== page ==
People said that he had a very low ceiling. When playing with a draft pick that high, I was happier than he had a very high basement. I proposed that, at worst, we'd have the next John Anderson, able to fill a hole solidly for the next ten years. If you think about it, when compared to the Mandariches and Buckleys, getting a solid position player seems like a better use of a draft pick than spinning the wheel on a high-ceiling/low-basement guy like Davis.
In retrospect, of the players available to the Packers at #5, Hawk has probably been the best pick. Both Huff and Davis have recently been benched by their respective coaches. But Hawk's struggles since his rookie year with pass coverage has been a liability at times. Now that Hawk appears to be struggling even more with basic pursuit and tackling, it almost seemed as if Hawk was on his way to joining them. The acquisition of Brandon Chillar had already impacted AJ's playing time, and it wouldn't have surprised me if Hawk may have taken more and more of a seat as the season went on.
But now, Hawk is getting his golden opportunity, the chance to not only regain a full-time starting position, but to do even more: Hawk gets a chance to take over the middle linebacker position, likely have the green-dot helmet and make the defensive play calls and adjustments, and most of all, to be put in the position to make all the plays that we were wishing Nick Barnett would be making.
This doesn't change his limitations, and his height may be cause for some concern. But this is a chance for Hawk to show the flash and high-energy that we drafted him for. Height isn't everything, and certainly players can succeed, even at less than prototypical height. Hawk's endless motor and fanatical attention to study of plays and gameplans may well work to his advantage in the middle. It can also give him the opportunity to simply break loose, play all-out, put all that athleticism to good use.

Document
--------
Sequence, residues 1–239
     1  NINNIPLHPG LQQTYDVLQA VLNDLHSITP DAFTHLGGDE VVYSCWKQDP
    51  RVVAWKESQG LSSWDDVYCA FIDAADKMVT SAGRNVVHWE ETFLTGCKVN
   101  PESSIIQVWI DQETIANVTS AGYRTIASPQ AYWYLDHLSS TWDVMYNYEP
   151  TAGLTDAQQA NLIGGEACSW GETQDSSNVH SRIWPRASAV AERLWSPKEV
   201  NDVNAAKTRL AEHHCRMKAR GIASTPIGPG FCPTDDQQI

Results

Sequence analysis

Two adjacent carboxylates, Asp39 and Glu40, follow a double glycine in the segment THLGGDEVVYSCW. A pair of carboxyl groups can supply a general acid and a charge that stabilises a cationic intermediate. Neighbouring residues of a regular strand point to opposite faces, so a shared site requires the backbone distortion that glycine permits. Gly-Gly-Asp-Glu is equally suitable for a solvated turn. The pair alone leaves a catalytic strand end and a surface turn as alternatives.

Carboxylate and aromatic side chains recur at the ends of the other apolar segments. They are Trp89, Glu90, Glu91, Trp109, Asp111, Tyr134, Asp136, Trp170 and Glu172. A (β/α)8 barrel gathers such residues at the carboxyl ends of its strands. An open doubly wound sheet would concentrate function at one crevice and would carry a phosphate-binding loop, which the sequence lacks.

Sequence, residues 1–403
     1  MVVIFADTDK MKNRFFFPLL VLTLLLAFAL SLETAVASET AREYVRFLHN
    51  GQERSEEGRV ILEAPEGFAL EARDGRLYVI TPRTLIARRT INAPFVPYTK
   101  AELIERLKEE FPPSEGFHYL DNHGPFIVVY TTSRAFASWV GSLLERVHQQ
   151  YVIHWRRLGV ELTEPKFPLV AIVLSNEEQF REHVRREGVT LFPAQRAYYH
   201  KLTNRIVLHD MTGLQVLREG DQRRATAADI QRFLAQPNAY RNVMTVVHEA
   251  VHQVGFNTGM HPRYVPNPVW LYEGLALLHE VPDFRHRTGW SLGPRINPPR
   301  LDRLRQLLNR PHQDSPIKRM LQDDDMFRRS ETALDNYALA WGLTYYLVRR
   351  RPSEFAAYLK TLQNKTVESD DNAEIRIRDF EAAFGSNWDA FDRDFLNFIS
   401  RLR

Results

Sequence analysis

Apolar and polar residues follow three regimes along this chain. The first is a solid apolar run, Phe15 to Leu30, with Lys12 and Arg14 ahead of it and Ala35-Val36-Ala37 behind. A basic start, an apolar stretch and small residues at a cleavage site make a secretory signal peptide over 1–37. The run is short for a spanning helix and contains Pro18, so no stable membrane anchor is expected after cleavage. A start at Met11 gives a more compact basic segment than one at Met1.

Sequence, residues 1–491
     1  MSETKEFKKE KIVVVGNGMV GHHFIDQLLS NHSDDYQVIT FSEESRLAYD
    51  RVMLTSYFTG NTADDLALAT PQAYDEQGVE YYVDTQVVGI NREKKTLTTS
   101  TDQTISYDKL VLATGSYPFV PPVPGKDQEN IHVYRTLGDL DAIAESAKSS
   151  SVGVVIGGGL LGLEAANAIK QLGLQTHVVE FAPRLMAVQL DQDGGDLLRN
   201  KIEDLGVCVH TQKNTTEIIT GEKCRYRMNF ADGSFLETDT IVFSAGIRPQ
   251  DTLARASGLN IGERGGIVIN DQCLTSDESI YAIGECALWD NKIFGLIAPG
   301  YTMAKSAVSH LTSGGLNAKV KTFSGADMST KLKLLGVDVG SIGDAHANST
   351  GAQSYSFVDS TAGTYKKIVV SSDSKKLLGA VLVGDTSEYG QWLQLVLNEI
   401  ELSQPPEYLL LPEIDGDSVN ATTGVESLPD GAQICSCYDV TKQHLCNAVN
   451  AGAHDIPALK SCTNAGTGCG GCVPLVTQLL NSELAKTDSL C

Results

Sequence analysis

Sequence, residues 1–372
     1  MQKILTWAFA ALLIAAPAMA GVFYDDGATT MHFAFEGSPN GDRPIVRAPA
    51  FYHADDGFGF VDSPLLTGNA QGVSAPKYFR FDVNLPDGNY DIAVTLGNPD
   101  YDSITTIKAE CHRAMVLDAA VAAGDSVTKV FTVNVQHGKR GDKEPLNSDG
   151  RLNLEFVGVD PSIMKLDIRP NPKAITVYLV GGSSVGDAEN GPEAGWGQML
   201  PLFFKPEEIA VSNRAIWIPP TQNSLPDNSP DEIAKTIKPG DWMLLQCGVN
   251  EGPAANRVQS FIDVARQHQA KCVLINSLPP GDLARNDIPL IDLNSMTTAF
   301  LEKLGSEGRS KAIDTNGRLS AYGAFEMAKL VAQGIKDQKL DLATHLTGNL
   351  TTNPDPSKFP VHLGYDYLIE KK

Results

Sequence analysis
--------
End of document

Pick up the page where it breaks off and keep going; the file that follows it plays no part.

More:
There's no doubt that this game is going to be a rough one for him. The entire front seven has struggled and underperformed all year, and the linebackers on each side of him (Poppinga and, likely, Brandon Chillar) have both been inconsistent, too. The injuries along the defensive line (Justin Harrell and Jeremy Thompson) means that all three linebackers are going to be very busy in stopping the run game. And since Chicago often runs a two tight-end set, the outside backers are going to be busy enough.
In other words, he's not going to get a lot of help from the guys around him.
But this is Hawk's chance to really make a name for himself, struggles or not. No one likes to see an injury, but if this ends up being Hawk's true position for the future, chances are without Barnett's injury we would never have had a coaching staff that would have been willing to shake things up enough to find it.